2-OH-E1 (male)


A healthy result should fall into the range 0 - 5.9 ng/mg.

2-OH-E1 is considered a ‘good estrogen’ and it does not stimulate cell growth. It can block the action of stronger, potentially carcinogenic estrogens. When it is methylated to 2-Me-E1 it is cancer protective.

2-Hydroxyestrone is an endogenous biomarker and major urinary metabolite of estrone and estradiol. Along with 16α-Hydroxyestrone, 2-Hydroxyestrone is used as an indicator for increased risk of breast cancer. 

This metabolite of Estrone is considered protective. A comparison with 2-Methoxyestrone, its Phase II liver metabolite, may help with assessing adequacy of methylation processes.

The 2:16alpha-Hydroxyestrone ratio appears from the literature to be an important gauge of estrogen metabolism. In general, the higher the ratio, the less association there is with estrogen-dependent diseases such as breast cancer and lupus, and the more likely the person has a beneficial hormone metabolism. A 2:16alpha-hydroxyestrone ratio in serum greater than 0.4 is generally thought to be beneficial. There are numerous modifiers of this value, most of which induce changes in the level of 2-OHE1. These include intake of indole-3-carbinols from cruciferous vegetables, flaxseed, soy, omega-3 fatty acids, and vigorous exercise. All are shown to improve the levels of 2-OHE1 in most individuals. It is to be emphasized that some individuals in clinical studies have exhibited a paradoxical response to treatments that would typically raise the 2-OHE1 levels. Therefore, follow-up testing after treatment is strongly suggested. There may be an increased likelihood of osteoporosis with excessive 2-OHE1 production. It is important to note that the ideal upper limit of 2-OHE1 is not apparent from the existing literature. Attention to bone loss processes in the urine is perhaps warranted in individuals with a very high 2:16alpha-hydroxyestrone ratio.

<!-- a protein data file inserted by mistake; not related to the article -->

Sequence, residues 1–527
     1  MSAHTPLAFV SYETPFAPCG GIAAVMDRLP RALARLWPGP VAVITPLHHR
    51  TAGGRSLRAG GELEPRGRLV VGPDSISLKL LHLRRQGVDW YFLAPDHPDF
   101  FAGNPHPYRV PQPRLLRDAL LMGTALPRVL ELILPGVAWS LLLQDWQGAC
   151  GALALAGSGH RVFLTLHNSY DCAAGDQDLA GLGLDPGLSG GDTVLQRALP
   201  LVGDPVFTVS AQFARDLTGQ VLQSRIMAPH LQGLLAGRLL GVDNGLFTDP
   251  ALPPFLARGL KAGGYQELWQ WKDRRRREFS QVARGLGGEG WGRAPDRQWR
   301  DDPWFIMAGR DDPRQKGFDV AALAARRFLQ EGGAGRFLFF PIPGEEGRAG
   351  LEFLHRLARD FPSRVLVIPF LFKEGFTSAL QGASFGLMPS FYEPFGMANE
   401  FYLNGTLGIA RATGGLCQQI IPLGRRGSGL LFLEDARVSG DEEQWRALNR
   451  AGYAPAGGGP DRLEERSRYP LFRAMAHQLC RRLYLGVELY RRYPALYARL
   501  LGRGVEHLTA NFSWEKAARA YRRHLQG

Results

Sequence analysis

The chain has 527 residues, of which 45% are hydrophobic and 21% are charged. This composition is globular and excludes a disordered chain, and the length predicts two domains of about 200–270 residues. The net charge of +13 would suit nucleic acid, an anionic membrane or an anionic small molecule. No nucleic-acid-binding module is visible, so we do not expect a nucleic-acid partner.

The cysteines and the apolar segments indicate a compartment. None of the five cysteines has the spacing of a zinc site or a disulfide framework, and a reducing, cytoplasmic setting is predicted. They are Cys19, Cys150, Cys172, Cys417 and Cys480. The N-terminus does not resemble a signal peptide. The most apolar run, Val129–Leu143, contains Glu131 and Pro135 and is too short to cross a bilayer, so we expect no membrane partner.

• https://www.ncbi.nlm.nih.gov/pubmed/16289388
  • https://www.ncbi.nlm.nih.gov/pmc/articles/PMC2766371
  • www.ncbi.nlm.nih.gov/pubmed/11991791


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